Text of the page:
I’ve been involved with electronics and computers for as long as I can remember.
I discovered programming when I was 11, at my comprehensive school. Back then we only had one computer for over a thousand kids, a Research Machines 380Z. I spent as much time as I could on it.
I think about a year later I inherited some money and bought a VIC 20. I spent all my time learning how it worked and teaching myself machine code. I had no assembler, software or anyone to help, just a book on 6502 (which was complicated for a 12 year old!), and a reference book.
After many, many hours, I worked it all out and started writing games in machine code and BASIC. There was lots of poke’ing numbers into memory, crashes and hours saving and loading from tape.
Then, after seeing an ad in a magazine I sent some of my games off, thinking I would never hear back. To my surprise, a few days later I got a call from Interceptor Micro’s. Richard, the owner loved some of the game’s I’d written and wanted to publish them. That started my relationship with Interceptor.
A year or so later I was given a Commodore 64 by Interceptor. Programming that was much easier and fun, as I had a disk drive and an assembler cartridge.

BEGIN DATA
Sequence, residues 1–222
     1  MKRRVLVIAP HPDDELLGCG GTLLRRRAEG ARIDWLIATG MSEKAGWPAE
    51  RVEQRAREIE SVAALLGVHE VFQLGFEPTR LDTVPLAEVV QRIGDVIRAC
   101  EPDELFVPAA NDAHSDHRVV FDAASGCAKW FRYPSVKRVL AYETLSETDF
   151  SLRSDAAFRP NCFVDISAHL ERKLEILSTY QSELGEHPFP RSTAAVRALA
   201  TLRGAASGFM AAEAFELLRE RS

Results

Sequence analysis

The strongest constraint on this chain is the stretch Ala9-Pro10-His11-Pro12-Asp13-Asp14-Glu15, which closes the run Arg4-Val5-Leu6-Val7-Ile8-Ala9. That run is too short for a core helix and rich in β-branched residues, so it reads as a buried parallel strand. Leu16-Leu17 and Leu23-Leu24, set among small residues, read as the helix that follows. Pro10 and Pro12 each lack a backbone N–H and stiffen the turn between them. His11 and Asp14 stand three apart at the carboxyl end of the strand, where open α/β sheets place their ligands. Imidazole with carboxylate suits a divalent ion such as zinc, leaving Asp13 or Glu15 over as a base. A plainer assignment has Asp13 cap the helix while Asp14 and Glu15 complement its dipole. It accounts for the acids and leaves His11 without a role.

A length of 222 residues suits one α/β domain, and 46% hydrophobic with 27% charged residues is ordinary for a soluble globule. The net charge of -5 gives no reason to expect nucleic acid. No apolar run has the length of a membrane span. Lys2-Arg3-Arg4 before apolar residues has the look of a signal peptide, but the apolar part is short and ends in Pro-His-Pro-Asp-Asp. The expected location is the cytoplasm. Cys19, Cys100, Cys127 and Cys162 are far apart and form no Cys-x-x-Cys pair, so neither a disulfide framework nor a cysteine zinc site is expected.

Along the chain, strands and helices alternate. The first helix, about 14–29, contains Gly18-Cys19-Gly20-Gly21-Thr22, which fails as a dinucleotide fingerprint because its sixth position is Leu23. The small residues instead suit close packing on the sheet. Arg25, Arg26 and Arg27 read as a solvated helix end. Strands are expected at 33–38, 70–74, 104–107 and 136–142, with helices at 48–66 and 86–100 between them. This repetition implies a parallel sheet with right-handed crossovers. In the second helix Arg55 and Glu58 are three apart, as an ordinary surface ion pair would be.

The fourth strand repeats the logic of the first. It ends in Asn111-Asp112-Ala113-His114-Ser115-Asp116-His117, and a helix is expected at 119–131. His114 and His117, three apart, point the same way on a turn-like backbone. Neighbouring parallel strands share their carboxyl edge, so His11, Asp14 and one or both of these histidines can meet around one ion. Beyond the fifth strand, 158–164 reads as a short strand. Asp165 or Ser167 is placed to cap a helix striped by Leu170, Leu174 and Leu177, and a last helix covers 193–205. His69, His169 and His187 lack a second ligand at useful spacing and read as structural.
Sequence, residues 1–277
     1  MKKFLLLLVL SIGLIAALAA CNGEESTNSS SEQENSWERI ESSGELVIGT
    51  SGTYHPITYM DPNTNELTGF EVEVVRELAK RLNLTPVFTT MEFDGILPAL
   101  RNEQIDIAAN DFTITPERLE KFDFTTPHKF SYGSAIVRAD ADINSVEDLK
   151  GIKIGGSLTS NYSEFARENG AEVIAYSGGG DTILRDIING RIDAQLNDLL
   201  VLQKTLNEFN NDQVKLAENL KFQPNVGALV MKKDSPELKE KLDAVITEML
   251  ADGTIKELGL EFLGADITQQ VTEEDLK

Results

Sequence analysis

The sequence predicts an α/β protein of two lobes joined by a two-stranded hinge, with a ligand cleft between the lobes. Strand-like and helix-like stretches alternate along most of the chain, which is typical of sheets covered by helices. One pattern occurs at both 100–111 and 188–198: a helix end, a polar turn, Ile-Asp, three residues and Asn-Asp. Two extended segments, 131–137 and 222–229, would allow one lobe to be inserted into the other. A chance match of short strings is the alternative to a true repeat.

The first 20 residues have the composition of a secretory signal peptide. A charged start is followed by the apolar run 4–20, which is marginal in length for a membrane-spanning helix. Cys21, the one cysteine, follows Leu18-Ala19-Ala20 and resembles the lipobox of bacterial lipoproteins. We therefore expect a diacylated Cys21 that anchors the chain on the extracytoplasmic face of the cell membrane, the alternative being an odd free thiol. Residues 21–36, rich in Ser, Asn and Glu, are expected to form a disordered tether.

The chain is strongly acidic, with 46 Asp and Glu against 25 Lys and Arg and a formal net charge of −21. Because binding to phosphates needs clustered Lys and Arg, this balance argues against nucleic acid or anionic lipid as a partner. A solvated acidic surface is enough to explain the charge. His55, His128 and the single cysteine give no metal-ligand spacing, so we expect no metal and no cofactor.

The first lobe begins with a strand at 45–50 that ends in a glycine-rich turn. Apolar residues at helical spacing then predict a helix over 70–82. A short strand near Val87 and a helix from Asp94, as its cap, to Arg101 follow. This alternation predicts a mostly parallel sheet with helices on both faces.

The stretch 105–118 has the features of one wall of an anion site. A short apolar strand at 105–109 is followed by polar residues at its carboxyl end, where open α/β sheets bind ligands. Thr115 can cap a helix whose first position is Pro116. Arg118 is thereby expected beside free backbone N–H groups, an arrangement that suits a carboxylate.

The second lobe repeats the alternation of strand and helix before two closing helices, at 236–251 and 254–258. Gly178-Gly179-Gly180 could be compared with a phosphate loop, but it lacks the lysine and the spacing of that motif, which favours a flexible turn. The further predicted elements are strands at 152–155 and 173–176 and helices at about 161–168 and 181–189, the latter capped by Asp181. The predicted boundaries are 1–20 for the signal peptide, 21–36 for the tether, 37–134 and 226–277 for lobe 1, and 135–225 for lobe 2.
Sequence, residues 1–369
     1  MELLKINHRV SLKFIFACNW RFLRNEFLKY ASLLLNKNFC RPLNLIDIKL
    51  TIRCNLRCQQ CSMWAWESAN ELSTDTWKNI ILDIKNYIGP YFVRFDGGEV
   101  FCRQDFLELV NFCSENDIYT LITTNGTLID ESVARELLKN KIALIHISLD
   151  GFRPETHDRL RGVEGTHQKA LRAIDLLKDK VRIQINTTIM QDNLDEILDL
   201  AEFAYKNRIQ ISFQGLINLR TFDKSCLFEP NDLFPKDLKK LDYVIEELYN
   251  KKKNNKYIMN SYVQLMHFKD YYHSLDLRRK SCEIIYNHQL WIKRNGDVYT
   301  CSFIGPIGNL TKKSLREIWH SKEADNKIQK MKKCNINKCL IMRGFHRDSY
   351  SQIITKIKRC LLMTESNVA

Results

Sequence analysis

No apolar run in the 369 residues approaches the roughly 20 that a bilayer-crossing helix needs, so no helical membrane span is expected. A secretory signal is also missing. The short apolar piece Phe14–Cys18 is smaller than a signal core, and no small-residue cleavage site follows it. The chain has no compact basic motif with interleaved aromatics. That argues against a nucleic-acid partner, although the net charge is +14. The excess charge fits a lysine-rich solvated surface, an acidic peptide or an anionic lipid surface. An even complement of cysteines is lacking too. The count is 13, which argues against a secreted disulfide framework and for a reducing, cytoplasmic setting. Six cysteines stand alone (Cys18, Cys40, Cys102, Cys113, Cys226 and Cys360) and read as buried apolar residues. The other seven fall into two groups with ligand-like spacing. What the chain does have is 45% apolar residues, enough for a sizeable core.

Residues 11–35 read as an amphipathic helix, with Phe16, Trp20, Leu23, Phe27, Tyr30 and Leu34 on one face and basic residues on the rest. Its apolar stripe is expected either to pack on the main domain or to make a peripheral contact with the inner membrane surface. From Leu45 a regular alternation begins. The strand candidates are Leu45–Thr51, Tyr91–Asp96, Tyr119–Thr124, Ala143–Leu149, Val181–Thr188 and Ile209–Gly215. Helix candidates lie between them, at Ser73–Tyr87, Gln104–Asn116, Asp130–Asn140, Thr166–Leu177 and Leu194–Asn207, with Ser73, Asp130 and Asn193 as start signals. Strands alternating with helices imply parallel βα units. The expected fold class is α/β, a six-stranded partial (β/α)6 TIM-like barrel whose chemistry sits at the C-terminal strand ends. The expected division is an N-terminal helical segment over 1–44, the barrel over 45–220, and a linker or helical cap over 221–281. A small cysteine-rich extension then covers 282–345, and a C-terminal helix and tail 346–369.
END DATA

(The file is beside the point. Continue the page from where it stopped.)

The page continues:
My first game on the C64 was Frogger 64, which was written in compiled BASIC and machine code.
It took a while to get to grips with the capabilities of the C64 as there was little information available, just the reference book, which looking back was crap. It did not explain raster splits, sprite multiplexing, smooth scrolling or anything really interesting. I remember seeing Fort Apocalypse and being amazed at the scrolling. So I pulled the code apart and worked it out for myself.
We had no internet back in those days, the information available now just blows your mind. If i’d known then what I know now, I could have written some really amazing stuff.
Some of the software I had published;
Wallie goes to Rhymland
Into The Eagles Nest
Caverns of Sillahc
Microload turbo tape system (used by Interceptor to speed up tape loading times)
Loadagame (sub game to play while main game loaded from tape)
Azimuth Head Alignment
I spent several years writing for the C64 and still consider it my favorite platform.
I left Interceptor in 1988 and took a new career path. I’d lost the enthusiasm for programming full time and wanted something more hands with my first passion, electronics.
Now, in my spare time I like to tinker with programming and electronics, hence this website showing a few of the projects I’ve undertaken.